Jay Seaton, publisher of the Grand Junction, Colorado Daily Sentinel, is angry. He's angry because State Senator Ray Scott derided a story in the Sentinel as "fake news."
The origin of the spat is a Daily Sentinel column urging Scott to move a public records bill forward and suggesting that he was holding it up. Scott responded with a tweet saying ""We have our own fake news in Grand Junction," linking to a longer statement:
The very liberal GJ Sentinel is attempting to apply pressure for me to move a bill. They have no facts, as usual, and tried to call me out on SB 40 know as the CORA bill. They haven't contacted me to get any information on why the bill has been delayed but choose to run a fake news story demanding I run the bill. You may have a barrel of ink but it just splashed in your face. @foolstask@fakenews
Rather than take this for the empty non-specific bluster that it is, Jay Seaton freaked out:
True, this term has become part of the national vernacular as some kind of general pejorative, but I take this allegation from Sen. Scott very seriously. It attacks the very reason for our existence.
. . . .
It is important for newspapers to have thick skins, to absorb criticism when it comes our way and not respond to every slight, real or perceived. That said, there is a difference between criticism of a news story, editorial stance or perceived bias and what Sen. Scott has done. His tweet is patently, provably false.
Worse, he made his false statement knowingly for the purpose of diminishing the only real asset this newspaper has: its credibility.
Imagine the backlash if this newspaper publicly assailed someone based on no facts and invented things out of thin air for the purposes of impugning their character. We could be sued — and we’d deserve it.
I don’t think I can sit back and take this kind of attack from an elected official. We are brokers in facts. Words have real meaning in this business. Sen. Scott has defamed this company and me as its leader.
To borrow a phrase from another famous Twitter user, I’ll see you in court.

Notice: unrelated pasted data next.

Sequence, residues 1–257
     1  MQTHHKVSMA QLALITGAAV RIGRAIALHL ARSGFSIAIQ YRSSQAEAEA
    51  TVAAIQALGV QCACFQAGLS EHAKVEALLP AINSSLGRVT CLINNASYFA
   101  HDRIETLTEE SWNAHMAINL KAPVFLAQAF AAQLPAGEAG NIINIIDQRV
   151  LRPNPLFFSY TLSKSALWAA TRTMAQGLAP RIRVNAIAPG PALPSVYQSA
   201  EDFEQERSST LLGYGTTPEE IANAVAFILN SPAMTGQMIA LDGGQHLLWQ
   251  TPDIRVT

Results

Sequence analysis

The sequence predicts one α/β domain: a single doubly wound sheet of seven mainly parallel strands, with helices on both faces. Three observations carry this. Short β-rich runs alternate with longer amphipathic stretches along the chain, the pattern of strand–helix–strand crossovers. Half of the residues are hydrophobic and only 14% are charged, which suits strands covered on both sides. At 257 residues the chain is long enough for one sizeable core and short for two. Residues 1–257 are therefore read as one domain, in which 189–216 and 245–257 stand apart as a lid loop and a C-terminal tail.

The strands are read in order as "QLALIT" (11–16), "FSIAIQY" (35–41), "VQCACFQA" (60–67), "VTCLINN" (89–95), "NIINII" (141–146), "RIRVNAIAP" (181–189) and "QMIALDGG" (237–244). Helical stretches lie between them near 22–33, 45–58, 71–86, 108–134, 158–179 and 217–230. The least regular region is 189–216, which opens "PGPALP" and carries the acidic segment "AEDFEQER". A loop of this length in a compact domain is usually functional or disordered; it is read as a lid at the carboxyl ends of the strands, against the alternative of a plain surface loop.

Naturally, the ludicrous spectacle of nominal journalists threatening to sue politicians over criticism drew national attention, much of it simply awful and misleading on the relevant law:
If filed, legal experts said it would be the first suit of its kind, potentially setting a legal definition for what is considered fake news and what is not.
DAMMIT NPR THAT'S NOT HOW THIS WORKS. THAT'S NOT HOW ANY OF THIS WORKS.
Only provably false statements of fact can be defamatory. "Fake news" is not a provably false statement of fact — as Jay Seaton admits in the very column in which he threatens to sue over it, it's a general pejorative. Moreover, whether a statement is factual is always analyzed in the statement's full context. Here, the full statement of Sen. Scott's tweet made it clear he was deriding the story for speculating about his reasons for delaying the bill without full information, not claiming that the Daily Sentinel was fabricating a fact. In other words, the context made it even clearer that the term "fake news" was being used to offer an opinion about the paper's speculation and bias, not to accuse it of falsifying a specific fact. Senator Scott's insult-laden opinion was about politics, at the very core of First Amendment protection. And of course Senator Scott was trying to diminish the paper's credibility. That's how political arguments work. But that doesn't transform protected rhetoric into a provably false statement of fact.
Jay Seaton and the Daily Sentinel are being irresponsible and reckless. Journalists should not encourage misunderstandings of core First Amendment concepts, and absolutely should not be encouraging Americans to think that they can sue over political insults and opinions. And Seaton, perhaps enjoying the spotlight, keeps keeps doubling down:
"I'm accustomed to all kinds of criticism for what we do; that comes with the job," he said. But Seaton says the term "fake news" is "an attempt to undermine the speaker. That's where this bumps up against the First Amendment. When you've got a government actor who doesn't like something he's seen and tries to diminish its credibility, then you've got real problems."
No, no, no. You may have political problems, but you do not have First Amendment problems. Criticism — even unfair criticism — is not censorship. It is not any sort of First Amendment violation.
Stop making things worse.
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